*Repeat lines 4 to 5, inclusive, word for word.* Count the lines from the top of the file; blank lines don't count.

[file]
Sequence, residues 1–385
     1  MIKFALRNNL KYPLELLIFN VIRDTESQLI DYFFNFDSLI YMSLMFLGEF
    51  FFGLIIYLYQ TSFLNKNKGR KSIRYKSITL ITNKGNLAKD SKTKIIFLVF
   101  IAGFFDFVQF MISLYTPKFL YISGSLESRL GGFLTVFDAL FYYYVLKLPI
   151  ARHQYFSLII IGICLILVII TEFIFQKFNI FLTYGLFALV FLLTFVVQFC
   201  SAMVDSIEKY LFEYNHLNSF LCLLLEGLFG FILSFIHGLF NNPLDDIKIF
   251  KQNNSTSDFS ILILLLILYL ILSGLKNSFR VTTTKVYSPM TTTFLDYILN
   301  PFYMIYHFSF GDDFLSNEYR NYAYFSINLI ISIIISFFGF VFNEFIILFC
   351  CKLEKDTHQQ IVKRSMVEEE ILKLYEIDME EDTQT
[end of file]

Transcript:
   101  IAGFFDFVQF MISLYTPKFL YISGSLESRL GGFLTVFDAL FYYYVLKLPI
   151  ARHQYFSLII IGICLILVII TEFIFQKFNI FLTYGLFALV FLLTFVVQFC